Sprouting Seeds and Legumes
Sprouting seeds and legumes is a great way to bring added nutrients to your diet. Sprouted seeds or legumes are enzymatically active protein sources that require little digestion. They also pack a lot of flavor. My two favorites are pictured below. Sunflower seeds and lentils, which come in many varieties and sized. Lentils have a peppery taste and can be easily made into a homemade hummus. Chickpeas aka, garbanzo beans are also excellent sprouted in the same way detailed below. I personally don't care much for alfalfa, radish, mung bean as I find them bitter. Although those with a Pitta constitution benefit from these bitter foods.
Below you will find a list of "sprout'able" seeds, legumes and nuts. You can also sprout grains, but again, I am not a big grain eater so I don't. I have tried sprouting rice many times with no success, so I just don't bother with that! I have found what I like and so will you as you experiment with the options Over the years I have tried all kinds of sprouters and have found that low tech is the best way to go!
Here I'm preparing to sprout sunflower seeds.
I keep my seeds in Mason jars in the frig or freezer, as here in Arizona it gets quite hot. Nuts and seeds can go rancid with exposure to heat and should be kept in cool dark storage.
Don't sprout more than you will consume in approximately 3-4 days. Beyond that time they can get slimy, which means bacterial growth. No good!
You will notice in the picture that I have added enough water to cover the sun seeds plus about 1" more.
The lentils have more added water. This due to the fact that they will absorb more water than the sun seeds.
You will soak the sun seeds for only a couple of hours
Whereas the lentils require at least 4-6 hours of soaking for this small variety. Larger lentils and some of the smaller dense lentils need to soak over night. I've made those notes below with the list of sprout'ables.
Once your seeds or legumes are soaked place them in a colander or sieve .
I have several various sizes of colanders and sieves to accommodate my favorites to sprout.
Make sure the the opening in the sieves are small enough that your seeds or legumes will not fall through them.
Rinse them throughly after soaking.
Once they are well rinsed place a plastic grocery bag or large zip lock over the colander or sieve.
You do not want to seal or twist tight the bags.
The environment for sprouting needs to be able to "breath" allowing air to circulate and not stagnant which can allow for fungus or bacteria to grow on your sprouting seeds or legumes.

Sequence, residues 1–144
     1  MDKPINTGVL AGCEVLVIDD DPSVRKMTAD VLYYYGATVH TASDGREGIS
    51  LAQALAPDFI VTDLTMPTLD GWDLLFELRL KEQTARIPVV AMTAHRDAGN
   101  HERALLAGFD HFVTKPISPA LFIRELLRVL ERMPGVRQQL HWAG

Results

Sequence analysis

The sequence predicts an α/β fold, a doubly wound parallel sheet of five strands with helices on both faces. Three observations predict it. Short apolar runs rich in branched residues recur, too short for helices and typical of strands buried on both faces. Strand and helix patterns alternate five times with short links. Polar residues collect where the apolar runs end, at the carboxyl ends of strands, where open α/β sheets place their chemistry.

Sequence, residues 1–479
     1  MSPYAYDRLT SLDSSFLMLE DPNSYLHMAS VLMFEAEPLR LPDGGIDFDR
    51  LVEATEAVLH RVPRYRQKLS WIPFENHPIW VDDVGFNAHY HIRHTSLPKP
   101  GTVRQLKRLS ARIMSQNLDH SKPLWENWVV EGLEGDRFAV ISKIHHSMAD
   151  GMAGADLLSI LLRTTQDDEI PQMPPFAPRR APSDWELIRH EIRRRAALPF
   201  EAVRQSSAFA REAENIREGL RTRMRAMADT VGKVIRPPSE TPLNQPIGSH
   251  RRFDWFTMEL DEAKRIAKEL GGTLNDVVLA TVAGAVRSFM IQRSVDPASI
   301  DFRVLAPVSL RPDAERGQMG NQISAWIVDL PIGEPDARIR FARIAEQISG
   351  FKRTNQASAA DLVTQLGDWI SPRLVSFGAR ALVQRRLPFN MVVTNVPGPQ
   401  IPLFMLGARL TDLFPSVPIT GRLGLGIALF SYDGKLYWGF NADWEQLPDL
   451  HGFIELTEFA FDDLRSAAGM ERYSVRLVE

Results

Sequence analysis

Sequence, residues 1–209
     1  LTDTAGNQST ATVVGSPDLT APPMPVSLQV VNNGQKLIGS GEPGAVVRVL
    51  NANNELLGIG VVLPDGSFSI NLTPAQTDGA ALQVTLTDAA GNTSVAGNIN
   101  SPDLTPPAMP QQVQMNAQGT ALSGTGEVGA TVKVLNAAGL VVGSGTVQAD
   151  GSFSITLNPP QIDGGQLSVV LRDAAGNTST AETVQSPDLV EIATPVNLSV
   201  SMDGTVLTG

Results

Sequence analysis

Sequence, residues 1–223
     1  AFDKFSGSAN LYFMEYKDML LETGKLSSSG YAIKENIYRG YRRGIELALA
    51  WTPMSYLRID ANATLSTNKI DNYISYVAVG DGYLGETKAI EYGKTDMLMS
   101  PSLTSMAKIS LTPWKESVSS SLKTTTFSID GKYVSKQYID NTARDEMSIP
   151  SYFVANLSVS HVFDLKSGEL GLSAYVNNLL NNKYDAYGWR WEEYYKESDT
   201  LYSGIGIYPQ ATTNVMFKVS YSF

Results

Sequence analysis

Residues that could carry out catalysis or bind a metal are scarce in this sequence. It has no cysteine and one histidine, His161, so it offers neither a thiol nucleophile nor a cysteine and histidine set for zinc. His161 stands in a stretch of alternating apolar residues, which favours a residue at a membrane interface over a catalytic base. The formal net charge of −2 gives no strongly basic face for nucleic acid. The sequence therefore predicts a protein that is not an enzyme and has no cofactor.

You will then rinse the sprouting sprouts 2 -3 times daily. Sprout times vary with density of the seeds or legumes.
In the case of these two sprouts, the sun seeds only need one day to start showing their shoots, the lentil take two days or so. Refer to the info below for approximate sprout times for each sprout'able listed.
It's a good idea to finish off your sprouts with a quick hydrogen peroxide rinse to kill any unfriendly bacteria that may have found a home on them. Simply place them in a bowl and pour 3% hydrogen peroxide, enough to barely cover them, allow to sit for a few minutes and then rinse.
Almonds sprout nicely giving them a fragrant taste and delightful snappy crunch
Soak over night, sprout for 1 -2 days.
Other nuts such as pecans, walnuts, Brazil nuts tend to get bitter when soaked and do not sprout. Pumpkin seeds fall into this category as well. They take on a bitter almost metallic taste when soaked or sprouted.
Garbanzo beans make an awesome raw hummus and are delicious on salads
Soak for 24 hours, changing the water at least two times. Sprout until the tails of the shoots start to show up. Soak in hydrogen peroxide before using.
Mung bean and adzuki beans are very dense. Soak for up to 48 hours changing the water two times per day. Sprouting time will vary with the temperatures, but generally 3 - 4 days. Soak in hydrogen peroxide before using.
Peas also make a great sprout. Follow the same directions as the garbanzos, however you can actually let the peas start to grow to their leafy stage. Just make sure to rinse often and watch for fungus.
Alfalfa, clover, radish, broccoli all fall into the same category. Soak over night, change the water at lest once. Use a fine sieve. Rinse often, 2 - 3 times per day minimum. Allow to set on small leaflets and green up before consuming. Really watch out for fungus on these small seeds. Let me say it again....rinse often!
Storing sprout in the refrigerator in a low open bowl with a damp paper towel over them is fine. If you do not use them within 24 hours be sure to rinse them before you do use them.
Passing on my experience with natural foods and sharing recipes from others as well.